Sunday, July 15, 2012

Pre Blog: Music: I want to buy an accordion, now what?

[Copied from my old Blog]

What to look for in an accordion
A guide to finding the right instrument for you.
Someone recently asked me what to look for when purchasing an accordion and it suddenly dawned on me that i'm somewhat knowledgeable on the topic. Having learned a fair deal of the instrument's intimate secrets (I know all the buttons, speak "Converter Bass", and have successfully crowed surfed while playing an accordion) and played for the last 8+ years here are my thoughts on someone wanting to "pick up" the instrument. Keep in mind that this guide only covers "Accordions" no "Concertinas".
Have you ever seen Cowboy Bebop, Vampire Hunter D, Warhammer 40k, Fallout, or Lord of the Rings? These worlds have a kind of scavenger mentality of "oh, they don't make 'em like they used to", whereby the amazing technology of old has been lost and needs to be sought after, recovered, repaired, and cherished. Well, looking for a good accordion is kind of like that. You can certainly buy a new accordion if you know where to go (I've been through a lot of places in the South-East U.S. searching for a quality accordions), but you'll generally find the models at your local music store sorely lacking and overpriced. It's also important to note that like in Harry Potter, every person has an accordion that's just right for them... It won't be as easily apparent as casting a spell but what I mean is that every person has to make some very personal decisions that decide what they are looking for when choosing an accordion that's right for them.
My accordion of choice, the one I play at shows and use for everything (except studio recordings) is a forty year old Titano "Combo Cordion". It's small, light-weight, has a decent sound, an amazing microphone system, and a unique "quint-reed" switch which automatically plays fifth notes every time I hit a key (only when activated).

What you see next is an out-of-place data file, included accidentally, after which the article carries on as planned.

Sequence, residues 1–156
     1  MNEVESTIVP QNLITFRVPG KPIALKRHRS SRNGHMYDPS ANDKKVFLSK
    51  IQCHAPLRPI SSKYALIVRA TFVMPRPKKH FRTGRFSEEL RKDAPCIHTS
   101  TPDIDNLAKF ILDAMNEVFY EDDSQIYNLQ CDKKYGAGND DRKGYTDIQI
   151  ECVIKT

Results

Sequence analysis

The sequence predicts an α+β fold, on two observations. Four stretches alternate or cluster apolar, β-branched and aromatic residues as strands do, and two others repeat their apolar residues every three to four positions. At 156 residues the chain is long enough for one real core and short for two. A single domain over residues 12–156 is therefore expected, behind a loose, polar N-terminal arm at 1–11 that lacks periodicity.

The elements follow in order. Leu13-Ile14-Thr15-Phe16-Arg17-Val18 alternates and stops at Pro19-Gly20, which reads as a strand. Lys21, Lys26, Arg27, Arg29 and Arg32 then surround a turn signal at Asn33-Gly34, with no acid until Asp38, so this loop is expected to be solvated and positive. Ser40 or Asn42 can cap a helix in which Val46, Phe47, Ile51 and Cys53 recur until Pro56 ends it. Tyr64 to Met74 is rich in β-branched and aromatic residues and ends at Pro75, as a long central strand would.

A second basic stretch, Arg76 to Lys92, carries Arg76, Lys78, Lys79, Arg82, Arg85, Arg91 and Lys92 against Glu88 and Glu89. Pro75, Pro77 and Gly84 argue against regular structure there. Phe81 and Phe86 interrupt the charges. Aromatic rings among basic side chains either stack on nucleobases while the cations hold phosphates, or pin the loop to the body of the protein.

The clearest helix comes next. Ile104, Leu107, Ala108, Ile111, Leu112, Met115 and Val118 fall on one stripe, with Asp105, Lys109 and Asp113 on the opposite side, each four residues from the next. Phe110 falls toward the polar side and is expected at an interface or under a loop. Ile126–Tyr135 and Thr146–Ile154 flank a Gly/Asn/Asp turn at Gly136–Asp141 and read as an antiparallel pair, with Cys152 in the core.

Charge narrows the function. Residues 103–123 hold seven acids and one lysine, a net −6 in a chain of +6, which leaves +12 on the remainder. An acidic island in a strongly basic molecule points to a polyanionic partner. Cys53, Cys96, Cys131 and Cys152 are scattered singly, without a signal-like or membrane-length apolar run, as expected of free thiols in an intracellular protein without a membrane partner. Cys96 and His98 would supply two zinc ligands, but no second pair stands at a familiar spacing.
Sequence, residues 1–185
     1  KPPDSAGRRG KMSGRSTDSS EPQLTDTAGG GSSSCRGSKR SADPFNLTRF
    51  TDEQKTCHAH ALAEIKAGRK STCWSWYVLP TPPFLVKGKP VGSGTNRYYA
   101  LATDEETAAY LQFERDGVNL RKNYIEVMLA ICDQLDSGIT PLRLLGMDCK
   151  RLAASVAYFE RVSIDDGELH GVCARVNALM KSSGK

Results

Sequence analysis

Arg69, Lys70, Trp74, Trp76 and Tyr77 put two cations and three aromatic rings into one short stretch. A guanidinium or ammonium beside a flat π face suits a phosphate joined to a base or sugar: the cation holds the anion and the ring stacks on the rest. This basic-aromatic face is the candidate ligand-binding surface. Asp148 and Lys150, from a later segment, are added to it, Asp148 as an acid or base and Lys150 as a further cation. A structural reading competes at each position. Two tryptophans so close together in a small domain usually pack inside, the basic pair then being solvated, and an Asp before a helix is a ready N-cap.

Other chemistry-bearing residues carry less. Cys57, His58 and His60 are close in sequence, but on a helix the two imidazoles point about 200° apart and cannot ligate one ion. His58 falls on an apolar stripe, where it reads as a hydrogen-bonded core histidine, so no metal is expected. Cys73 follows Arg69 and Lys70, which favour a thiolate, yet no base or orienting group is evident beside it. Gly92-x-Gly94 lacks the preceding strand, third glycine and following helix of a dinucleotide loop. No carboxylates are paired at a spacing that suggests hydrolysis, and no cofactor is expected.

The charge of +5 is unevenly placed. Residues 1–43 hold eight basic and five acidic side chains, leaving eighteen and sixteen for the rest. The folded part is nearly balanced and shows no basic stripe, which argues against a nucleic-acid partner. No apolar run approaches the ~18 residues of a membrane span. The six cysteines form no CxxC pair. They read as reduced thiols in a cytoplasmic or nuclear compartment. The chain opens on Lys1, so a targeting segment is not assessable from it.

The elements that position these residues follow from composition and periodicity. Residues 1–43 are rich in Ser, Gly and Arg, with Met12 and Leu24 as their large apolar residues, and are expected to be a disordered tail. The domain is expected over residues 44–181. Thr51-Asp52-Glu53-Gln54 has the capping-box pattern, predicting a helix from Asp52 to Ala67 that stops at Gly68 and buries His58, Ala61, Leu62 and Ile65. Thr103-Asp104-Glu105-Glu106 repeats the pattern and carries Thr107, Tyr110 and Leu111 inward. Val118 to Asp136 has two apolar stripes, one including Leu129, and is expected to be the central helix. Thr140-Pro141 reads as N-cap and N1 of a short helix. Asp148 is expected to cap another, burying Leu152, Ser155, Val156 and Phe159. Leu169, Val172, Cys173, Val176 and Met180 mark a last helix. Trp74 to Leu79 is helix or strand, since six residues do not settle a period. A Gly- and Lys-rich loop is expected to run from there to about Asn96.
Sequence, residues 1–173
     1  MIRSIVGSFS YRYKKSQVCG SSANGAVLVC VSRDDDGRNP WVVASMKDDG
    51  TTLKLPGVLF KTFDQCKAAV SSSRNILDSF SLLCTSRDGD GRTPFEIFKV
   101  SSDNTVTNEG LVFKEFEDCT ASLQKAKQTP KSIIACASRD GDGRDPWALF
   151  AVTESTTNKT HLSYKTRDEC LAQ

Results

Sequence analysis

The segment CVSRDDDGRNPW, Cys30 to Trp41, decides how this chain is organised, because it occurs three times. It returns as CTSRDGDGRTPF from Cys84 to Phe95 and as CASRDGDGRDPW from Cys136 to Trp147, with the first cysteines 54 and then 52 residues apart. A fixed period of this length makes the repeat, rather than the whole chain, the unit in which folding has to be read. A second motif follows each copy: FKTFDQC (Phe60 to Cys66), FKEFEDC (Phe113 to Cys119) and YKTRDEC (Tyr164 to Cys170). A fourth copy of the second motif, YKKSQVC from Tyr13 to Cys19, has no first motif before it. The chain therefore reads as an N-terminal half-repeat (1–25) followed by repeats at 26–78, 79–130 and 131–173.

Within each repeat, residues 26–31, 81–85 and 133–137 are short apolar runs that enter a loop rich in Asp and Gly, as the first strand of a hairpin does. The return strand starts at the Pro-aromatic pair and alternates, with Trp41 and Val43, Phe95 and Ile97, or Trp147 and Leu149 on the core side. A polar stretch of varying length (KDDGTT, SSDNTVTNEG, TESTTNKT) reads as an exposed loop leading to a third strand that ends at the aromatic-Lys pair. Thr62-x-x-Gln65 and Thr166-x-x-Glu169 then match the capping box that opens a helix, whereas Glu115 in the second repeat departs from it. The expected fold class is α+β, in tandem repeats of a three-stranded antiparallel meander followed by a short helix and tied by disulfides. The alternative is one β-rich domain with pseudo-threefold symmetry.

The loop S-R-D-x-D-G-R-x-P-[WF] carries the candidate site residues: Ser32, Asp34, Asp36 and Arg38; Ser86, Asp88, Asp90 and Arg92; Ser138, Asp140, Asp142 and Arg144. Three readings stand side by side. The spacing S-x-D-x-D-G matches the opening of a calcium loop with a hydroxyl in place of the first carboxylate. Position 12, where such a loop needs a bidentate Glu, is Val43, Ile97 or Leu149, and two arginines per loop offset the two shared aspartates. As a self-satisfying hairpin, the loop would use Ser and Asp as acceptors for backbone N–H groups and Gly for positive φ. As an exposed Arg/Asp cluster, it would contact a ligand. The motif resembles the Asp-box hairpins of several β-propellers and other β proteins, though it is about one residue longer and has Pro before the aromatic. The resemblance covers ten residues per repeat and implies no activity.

Titano Combo Cordions are generally eccentric in color (bright orange, yellow, pink, or green) but I've given mine a fairly nice paint job that matches my band's color scheme. It's everything I want in an accordion with the exception of reed diversity, which is why I don't record with it.
The First decision is Size: A larger accordion generally has more keys (a greater range of notes), different reeds (Aka voices or sounds you can produce) and other features (some have midi, converter bass, a quick-reed switch, etc, [covered later]) but weigh more. I have scoliosis and play hour long shows where I jump around a lot, so I play with a small accordion (20-30lbs as opposed to 35-60lbs).
The Second decision Key Size: Look at a keyboard, piano, or accordion with keys (some have buttons on the "right" side which act like keys). You will notice how thick or "wide" the keys are when you put your finger on top of them. A traditional piano or keyboard uses regular sized keys. A kid's piano or keyboard uses smaller keys because kids have smaller hands. A women's piano or keyboard uses slightly smaller keys than "full sized" ones. All of this translates into an accordion. Smaller keys means you can fit more notes or keys on an accordion. Most small accordions generally have two and a half octaves, larger ones have three+ octaves but it's all relative. I've even seen a sad full-sized accordion with only one octave of notes. More is generally better, but only if you'll use them. Most people don't use the highest or lowest notes on a piano, so just be aware of the range you'd like to be able to cover.